Banner hung from Beaver County bridge denounces Shell cracker plant | Pittsburgh City Paper

Banner hung from Beaver County bridge denounces Shell cracker plant

click to enlarge Banner hung from Beaver County bridge denounces Shell cracker plant (2)
Dianne Peterson
A 326 sq. ft. banner denouncing the petrochemical industry hung from the Rochester Bridgewater Bridge for a total of 75 minutes, according to organizers. (Identities were hidden in this photograph before it was shared with Pittsburgh City Paper.)
A banner the size of a small studio apartment hung from a bridge over the Ohio River this weekend. Its message read: “CLEAN AIR & WATER-GOOD UNION JOBS-WE CAN HAVE BOTH NOW.”

Organizers say these quips, leveled from the Rochester-Bridgewater Bridge, were aimed at the soon-to-launch Shell petrochemical plant in nearby Potter Township, Beaver County. The 780-acre complex has drawn fierce criticism from the environmental community and praise from others who welcome its promise of 600 full-time jobs.

Under construction since 2016, the plant is in its final testing phase, and is expected to soon begin churning out millions of tons of tiny plastic pellets. The facility has already been cited by the Department of Environmental Protect for leaking malodorous emissions last September.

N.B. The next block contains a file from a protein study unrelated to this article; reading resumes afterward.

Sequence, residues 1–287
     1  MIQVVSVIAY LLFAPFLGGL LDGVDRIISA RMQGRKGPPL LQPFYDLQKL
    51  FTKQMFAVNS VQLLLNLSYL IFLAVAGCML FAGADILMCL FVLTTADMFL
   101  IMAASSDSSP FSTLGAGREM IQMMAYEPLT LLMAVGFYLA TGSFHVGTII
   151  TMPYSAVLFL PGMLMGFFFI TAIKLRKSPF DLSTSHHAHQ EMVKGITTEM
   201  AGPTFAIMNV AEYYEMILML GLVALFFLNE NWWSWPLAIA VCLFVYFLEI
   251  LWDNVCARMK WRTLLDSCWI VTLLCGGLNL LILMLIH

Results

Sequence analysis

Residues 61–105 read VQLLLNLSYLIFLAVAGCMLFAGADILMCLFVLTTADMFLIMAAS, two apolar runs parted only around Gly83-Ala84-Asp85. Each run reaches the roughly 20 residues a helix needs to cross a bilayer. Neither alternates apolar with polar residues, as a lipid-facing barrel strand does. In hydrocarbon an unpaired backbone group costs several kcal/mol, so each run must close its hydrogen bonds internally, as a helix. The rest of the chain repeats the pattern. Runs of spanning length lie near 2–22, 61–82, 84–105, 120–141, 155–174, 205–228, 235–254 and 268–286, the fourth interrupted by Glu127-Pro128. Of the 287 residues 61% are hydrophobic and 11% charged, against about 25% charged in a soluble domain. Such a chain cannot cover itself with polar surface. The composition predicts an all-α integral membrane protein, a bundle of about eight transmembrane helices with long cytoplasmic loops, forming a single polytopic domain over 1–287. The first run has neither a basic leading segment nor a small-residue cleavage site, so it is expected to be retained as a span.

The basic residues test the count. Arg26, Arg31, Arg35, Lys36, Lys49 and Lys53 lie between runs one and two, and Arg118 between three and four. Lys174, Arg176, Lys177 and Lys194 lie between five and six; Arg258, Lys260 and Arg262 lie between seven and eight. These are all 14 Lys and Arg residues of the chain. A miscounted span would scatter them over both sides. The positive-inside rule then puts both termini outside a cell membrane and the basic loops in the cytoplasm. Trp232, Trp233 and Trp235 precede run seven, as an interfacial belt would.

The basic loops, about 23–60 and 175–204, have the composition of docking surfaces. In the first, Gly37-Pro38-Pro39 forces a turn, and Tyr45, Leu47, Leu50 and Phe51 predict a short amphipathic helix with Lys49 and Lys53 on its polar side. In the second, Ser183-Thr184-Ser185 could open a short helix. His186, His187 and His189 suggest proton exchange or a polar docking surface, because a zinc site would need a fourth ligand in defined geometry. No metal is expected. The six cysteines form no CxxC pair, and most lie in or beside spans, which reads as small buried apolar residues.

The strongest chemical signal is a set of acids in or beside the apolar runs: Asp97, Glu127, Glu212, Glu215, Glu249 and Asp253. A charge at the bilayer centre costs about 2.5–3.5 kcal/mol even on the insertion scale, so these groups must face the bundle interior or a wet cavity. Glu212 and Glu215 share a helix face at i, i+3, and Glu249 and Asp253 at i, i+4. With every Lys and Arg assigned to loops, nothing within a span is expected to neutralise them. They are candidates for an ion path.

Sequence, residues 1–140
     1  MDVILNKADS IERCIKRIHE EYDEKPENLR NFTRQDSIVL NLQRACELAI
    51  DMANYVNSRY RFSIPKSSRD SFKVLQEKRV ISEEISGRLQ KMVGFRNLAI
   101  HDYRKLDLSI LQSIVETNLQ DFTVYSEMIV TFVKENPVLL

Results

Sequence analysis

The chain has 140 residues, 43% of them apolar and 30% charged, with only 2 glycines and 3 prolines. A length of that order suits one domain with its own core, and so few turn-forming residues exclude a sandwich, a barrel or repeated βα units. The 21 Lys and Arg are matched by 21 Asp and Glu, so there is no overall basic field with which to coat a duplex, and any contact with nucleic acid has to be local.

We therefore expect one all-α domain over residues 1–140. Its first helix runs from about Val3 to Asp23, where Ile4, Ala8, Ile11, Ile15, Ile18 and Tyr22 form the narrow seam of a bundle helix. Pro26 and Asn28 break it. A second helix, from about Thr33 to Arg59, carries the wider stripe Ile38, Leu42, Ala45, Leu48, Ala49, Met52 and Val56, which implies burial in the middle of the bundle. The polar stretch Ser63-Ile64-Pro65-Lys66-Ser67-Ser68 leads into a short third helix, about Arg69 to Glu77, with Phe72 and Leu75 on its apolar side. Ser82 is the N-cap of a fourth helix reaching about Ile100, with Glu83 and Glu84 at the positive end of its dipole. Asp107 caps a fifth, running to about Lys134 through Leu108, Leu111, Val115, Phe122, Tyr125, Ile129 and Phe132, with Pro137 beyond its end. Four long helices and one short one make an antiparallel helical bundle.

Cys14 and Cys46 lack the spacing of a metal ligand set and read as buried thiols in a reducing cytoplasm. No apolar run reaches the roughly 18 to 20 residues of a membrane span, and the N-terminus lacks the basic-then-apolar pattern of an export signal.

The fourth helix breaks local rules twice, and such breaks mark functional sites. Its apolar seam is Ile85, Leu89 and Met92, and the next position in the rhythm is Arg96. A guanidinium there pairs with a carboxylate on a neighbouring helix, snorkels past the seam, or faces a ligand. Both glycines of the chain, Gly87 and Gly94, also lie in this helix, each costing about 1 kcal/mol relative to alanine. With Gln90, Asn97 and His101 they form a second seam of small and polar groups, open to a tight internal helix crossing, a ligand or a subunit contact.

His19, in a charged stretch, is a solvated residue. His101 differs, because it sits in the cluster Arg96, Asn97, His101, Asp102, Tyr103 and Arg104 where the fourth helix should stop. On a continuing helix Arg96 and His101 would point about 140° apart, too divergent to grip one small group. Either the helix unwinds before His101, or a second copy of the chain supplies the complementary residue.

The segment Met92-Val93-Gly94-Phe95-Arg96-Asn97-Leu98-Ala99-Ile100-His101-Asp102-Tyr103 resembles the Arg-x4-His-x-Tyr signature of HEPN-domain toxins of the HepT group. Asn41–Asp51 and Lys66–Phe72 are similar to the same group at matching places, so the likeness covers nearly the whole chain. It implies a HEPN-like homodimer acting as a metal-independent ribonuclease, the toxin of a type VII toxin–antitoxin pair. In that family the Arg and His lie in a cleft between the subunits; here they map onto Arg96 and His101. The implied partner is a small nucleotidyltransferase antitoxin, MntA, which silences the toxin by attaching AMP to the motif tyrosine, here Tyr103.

Shell claims in its promotional materials that the site will "use the most recent technologies to provide the greatest energy efficiency and lowest
emissions." The company lists several measures it claims will reduce emissions, including recycling "tail gas" to power its cracker furnaces, using "natural gas-fired cogeneration to provide steam and electricity," sharing oversupply with the regional grid, and eliminating environmental impacts during transit and shipping.

Dianne Peterson, one of the banner drop organizers, says the entire industry is damaging to human health, regardless of mitigating factors.

“The petrochemical industry is at odds with our health," Peterson says. "From the gathering of the resources, to production, during its use, and lastly disposal, plastics are a dirty business all around."

Anaïs Peterson, a petrochemicals campaigner for Earthworks, told Pittsburgh City Paper the flag drop was met with "a mix of reactions — almost all positive, including some cheers and waves and agreement we need to invest in these good jobs to bring them to the area."

Peterson says ditching fossil fuels doesn't have to lead to job losses and points to  Solar Holler — a crowd-sourced, unionized solar installation program in West Virginia — as a model example.

"By continuing to subsidize failing industries such as the Shell Ethane Cracker plant, our elected officials are actively making it worse for our region and preventing investment in sustainable non-fossil fuel based economies that offer long-term economic and environmental benefit," Peterson says. "We have the resources to make this transition happen and to bring non-fossil fuel based jobs here if we stop providing subsidies to fossil fuel companies."

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